When House Speaker Nancy Pelosi went from being the Democratic Party’s most high-ranking impeachment skeptic to favoring an impeachment inquiry against President Donald Trump, one Trump critic who remained an impeachment skeptic and thought Pelosi made a bad decision was New York Times columnist Bret Stephens — who, in a September 25 opinion piece, argued against an impeachment inquiry. But Stephens has since changed his mind, and he is now arguing in favor of impeachment — stressing in his November 22 column that Trump is making the United States look more and more like Ukraine circa 2011/2012.
“Donald Trump ought to be impeached and removed from office,” Stephens declares. “This isn’t what I thought two months ago, when the impeachment inquiry began. I argued that the evidence fell short of the standards of a prosecutable criminal act. I also feared impeachment might ultimately help Trump politically, as it had helped Bill Clinton in 1998. That second worry might still prove true.”
Stephens goes on to describe several ways in which he believes the U.S. resembles Ukraine in the Trump era.
“If the congressional testimonies of Marie Yovanovitch, Bill Taylor, Gordon Sondland, Alexander Vindman and especially, Fiona Hill, make anything clear, it’s that the president’s highest crime isn’t what he tried to do to, or with, Ukraine,” Stephens asserts. “It’s that he’s attempting to turn the United States into Ukraine. The judgment Congress has to make is whether the American people should be willing, actively or passively, to go along with it.”
One way in which the Trump-era U.S. is resembling Ukraine, according to Stephens, is “the criminalization of political differences.” The Times columnist explains, “Years before Trump led his followers in ‘lock her up’ chants against Hillary Clinton, then-Ukrainian President Viktor Yanukovych did exactly that against his own political rival, Yulia Tymoshenko, who was sentenced to seven years in prison on a variety of byzantine charges after she had narrowly lost the 2010 election. She spent three years in prison before her release during the 2014 Maidan Revolution. Key to Yanukovych’s efforts to discredit Tymoshenko was — who else? — Paul Manafort.”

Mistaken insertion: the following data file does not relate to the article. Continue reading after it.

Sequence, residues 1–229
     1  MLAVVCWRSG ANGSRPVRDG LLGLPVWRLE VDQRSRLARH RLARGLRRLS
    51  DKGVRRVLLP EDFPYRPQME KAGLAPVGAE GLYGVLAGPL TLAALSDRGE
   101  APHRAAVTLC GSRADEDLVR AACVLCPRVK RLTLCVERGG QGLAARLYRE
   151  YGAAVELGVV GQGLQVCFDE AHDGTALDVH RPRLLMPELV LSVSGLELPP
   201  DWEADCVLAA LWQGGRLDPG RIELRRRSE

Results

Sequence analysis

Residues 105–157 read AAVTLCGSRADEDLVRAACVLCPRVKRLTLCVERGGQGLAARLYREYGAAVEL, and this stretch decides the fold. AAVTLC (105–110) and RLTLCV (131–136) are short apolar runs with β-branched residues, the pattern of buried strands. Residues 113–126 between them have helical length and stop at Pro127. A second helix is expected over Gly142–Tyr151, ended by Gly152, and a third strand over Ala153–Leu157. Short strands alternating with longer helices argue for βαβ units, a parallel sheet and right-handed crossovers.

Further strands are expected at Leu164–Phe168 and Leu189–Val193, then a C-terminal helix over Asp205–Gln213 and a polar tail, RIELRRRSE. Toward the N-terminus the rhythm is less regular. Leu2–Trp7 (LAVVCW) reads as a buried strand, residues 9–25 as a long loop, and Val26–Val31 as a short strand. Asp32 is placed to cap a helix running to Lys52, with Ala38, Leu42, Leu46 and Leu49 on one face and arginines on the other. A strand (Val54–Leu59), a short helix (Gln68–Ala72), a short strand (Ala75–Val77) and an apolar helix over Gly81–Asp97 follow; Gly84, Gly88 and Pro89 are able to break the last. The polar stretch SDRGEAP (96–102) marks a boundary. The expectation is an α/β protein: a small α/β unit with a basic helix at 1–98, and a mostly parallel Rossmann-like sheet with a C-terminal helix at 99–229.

A second way, Stephens adds, is “the use of political office as a shield against criminal prosecution and as a vehicle for personal and familial enrichment.” Stephens observes, “Why have so many of Ukraine’s oligarchs — including Burisma Holdings founder Mykola Zlochevsky — also served as government ministers? Simple: Because, until recently, it shielded them from criminal prosecution thanks to parliamentary immunity.”
A third U.S./Ukraine similarity, according to Stephens, is “the netherworldization of political life, in which conspiracy theories abound, off-stage figures wield outsized influence, and channels of formal authority are disconnected from the real centers of power.” And a fourth, Stephens adds, is “covert Russian interference, usually facilitated by local actors.”
Stephens writes, “Ukraine offers the world’s most extreme example of this kind of interference — nearby Georgia is a close second — since large parts of the country have been seized outright by Russia and its proxies.” Fiona Hill, Stephens points out, testified on November 21 that the Russian government has gone to great lengths to interfere in U.S. politics.
In the past, Stephens argued that the best way to remove Trump from the White House was to vote him out of office in 2020 — not impeach him. But after the testimony presented in this month’s public impeachment hearings, the Times columnist believes Trump should be removed from 1600 Pennsylvania Avenue sooner rather than later.
“It’s to the immense credit of ordinary Ukrainians that, in fighting Russian aggression in the field and fighting for better governance in Kyiv, they have shown themselves worthy of the world’s support,” Stephens emphasizes. “And it’s to the enduring shame of the Republican Party that they have been willing to debase our political standards to the old Ukrainian level just when Ukrainians are trying to rise to our former level. The one way to stop this is to make every effort to remove Trump from office. It shouldn’t have to wait a year.”